Βy Leonie Haenchen
An upsurge for the Eurosceptics, last-minute UK participation after months of Brexit chaos, and an expected political fragmentation within the chamber: the upcoming European Parliament elections have been anticipated with concern. Voices from both sides of the political spectrum have claimed the EU is ‘at a crossroads’, with the elections outcomes possibly marking the beginning of ‘a new era’. While indeed much is at stake, one problematic signifier for the EU’s future has been looming for much longer: the election turnout is decreasing steadily over the past years, sinking from 61,99 per cent in 1979 to only 42,54 per cent in 2014. Today, a good 41 per cent of all European citizens are unaware that the EU Parliament is directly constituted upon their vote.
In this context, our #PressEU_NextGen campaign set out to turn abstinence and disinterest into awareness and literacy among the population. We began with a series of discussions on a variety of topics such as “The EU, Universities and Youth”, “European Arts and Culture Policies” and “Human Rights and Values in Europe.” We visited different municipalities and cities across Northern Greece and invited more than 15 different speakers from different contexts to speak about their views and work. After each talk, we gave the floor to the audience for questions or input. Later we took our campaign out to the streets, joining the Mobility Fair organised by the Erasmus Student Network and the Recycling Festival of the Pavlos Mela municipality, where we approached passerbys, distributed material and engaged them into conversations about the EU. We celebrated Europe Day on May 11 in the pedestrian zone of Agia Sofia in cooperation with the EU Parliament Liason in Greece and the local Europe Direct team. We held a “Party for Europe” together with local bar Ypsilon and, lastly, invited an orchestra to play the “Ode for Joy” at Thessaloniki’s largest shopping mall.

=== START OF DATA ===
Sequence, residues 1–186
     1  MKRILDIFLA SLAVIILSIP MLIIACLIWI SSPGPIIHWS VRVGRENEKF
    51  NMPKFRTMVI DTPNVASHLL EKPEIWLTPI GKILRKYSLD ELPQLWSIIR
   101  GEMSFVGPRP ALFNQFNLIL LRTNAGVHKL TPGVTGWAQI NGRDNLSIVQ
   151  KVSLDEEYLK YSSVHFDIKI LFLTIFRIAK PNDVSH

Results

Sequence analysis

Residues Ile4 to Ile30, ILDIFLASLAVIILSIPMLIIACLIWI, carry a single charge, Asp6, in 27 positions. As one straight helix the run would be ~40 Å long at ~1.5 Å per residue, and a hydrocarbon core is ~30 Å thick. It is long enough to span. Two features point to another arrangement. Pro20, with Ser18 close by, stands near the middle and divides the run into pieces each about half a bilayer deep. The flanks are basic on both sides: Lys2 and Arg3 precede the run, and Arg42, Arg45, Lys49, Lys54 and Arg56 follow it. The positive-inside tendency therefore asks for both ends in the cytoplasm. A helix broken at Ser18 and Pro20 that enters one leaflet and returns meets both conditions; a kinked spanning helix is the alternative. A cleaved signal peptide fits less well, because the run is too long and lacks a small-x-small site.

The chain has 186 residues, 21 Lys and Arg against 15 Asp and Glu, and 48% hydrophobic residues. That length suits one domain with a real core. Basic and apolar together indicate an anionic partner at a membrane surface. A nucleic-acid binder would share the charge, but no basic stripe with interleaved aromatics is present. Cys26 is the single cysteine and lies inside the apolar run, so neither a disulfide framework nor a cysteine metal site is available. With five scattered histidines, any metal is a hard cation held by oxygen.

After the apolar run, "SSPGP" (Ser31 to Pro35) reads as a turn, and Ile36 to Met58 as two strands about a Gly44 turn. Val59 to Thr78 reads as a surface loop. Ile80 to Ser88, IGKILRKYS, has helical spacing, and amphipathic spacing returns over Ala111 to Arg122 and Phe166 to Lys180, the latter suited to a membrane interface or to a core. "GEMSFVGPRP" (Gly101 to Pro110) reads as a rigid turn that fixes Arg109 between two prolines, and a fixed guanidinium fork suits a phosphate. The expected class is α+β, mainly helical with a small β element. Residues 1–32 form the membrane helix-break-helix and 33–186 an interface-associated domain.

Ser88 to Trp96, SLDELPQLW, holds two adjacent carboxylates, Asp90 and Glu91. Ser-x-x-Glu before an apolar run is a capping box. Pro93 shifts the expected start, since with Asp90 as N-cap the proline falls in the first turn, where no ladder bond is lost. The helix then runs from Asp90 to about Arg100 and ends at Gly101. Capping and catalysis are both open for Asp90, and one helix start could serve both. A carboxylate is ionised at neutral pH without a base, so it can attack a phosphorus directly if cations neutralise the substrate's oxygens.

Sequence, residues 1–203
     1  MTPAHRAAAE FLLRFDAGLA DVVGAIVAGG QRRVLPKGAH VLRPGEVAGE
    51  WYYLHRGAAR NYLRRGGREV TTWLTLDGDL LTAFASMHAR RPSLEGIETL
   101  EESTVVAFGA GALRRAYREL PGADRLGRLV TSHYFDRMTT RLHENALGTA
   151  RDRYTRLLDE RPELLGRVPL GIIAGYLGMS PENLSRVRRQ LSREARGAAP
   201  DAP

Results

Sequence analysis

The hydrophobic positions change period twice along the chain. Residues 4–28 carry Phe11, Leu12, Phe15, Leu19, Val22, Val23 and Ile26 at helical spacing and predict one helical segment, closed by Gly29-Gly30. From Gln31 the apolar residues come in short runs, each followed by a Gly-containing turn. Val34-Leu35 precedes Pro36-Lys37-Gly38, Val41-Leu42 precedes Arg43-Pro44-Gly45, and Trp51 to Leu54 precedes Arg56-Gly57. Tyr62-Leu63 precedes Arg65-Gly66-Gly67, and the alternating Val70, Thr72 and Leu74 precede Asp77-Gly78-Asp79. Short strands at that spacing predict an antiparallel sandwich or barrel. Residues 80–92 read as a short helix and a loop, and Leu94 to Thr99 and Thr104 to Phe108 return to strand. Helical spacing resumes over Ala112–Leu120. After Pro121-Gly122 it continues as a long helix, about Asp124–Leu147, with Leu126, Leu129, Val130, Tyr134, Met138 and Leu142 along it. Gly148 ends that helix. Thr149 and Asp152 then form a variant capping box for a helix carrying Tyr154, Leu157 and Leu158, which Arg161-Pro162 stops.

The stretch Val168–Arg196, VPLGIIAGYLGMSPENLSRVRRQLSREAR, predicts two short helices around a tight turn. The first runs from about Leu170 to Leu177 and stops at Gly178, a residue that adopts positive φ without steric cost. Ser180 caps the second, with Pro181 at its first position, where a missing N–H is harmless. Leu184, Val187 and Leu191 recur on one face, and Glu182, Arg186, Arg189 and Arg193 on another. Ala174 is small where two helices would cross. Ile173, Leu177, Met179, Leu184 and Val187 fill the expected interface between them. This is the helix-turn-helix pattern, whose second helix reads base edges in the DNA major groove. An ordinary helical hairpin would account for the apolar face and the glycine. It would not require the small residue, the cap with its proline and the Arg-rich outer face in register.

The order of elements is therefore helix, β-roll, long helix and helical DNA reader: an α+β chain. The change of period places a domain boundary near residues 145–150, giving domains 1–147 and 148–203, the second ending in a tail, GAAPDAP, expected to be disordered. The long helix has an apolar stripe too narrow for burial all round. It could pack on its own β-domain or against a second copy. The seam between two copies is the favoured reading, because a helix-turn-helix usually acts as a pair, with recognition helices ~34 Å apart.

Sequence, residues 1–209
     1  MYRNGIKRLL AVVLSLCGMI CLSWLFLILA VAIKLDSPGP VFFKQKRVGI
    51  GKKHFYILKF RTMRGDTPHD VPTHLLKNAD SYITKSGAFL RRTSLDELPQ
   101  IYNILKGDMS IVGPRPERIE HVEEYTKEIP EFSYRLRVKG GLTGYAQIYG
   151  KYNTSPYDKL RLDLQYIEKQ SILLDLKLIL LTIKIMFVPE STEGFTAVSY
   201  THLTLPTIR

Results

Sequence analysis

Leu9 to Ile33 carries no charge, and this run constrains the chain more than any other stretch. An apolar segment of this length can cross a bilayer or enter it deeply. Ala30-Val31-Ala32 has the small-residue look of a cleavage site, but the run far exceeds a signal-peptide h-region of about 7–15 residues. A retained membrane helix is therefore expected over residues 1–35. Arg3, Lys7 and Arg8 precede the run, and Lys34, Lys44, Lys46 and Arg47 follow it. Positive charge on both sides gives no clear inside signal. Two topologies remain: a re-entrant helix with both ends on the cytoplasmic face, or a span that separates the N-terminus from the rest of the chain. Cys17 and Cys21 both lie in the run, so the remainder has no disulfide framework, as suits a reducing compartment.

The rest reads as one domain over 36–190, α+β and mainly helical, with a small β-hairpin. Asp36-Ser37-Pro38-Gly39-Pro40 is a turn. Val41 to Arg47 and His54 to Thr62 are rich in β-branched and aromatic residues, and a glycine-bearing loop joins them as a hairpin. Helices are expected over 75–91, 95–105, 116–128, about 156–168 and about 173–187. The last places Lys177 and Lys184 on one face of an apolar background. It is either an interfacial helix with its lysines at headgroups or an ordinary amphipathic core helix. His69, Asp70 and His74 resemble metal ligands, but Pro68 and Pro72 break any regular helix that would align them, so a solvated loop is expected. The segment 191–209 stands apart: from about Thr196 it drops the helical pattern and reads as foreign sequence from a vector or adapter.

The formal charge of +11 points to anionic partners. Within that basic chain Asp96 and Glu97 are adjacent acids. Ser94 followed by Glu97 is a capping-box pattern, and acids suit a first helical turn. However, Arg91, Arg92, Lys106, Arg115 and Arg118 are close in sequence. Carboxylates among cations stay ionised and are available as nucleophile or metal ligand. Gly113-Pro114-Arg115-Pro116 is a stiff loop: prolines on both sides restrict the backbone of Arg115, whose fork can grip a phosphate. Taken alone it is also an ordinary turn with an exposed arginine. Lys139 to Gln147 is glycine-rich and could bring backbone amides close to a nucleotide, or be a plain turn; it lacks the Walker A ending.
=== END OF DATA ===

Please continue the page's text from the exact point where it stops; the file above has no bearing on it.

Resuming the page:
Although we hoped to reach people from all stakes of life, we especially aimed to target the so far least-participatory share of voters: young people have increasingly abstained from the voting booth, forming the age group with the lowest turnout in all EU countries except Sweden (not including Belgium and Luxembourg, where voting is compulsory). This worrying ratio is expected to repeat itself: according to a recent poll by the TUI Foundation’s European Youth Study, only one in two EU citizen between 16 and 26 years old considers the upcoming elections important.
Given the dimension of these numbers, #PressEU_NextGen was not the only campaign out there attempting to catch the interest of young voters. With “This Time I’m Voting” the EU launched a large-scale effort to build activism from the grass-roots level. People could sign up to become engaged and would find material such as flyers, banners and info brochures available for download. More than a quarter million registered and young activist groups sprouted across the EU. The idea was not to advertise specific political topics or party agendas but stay neutral and merely promote the election process itself.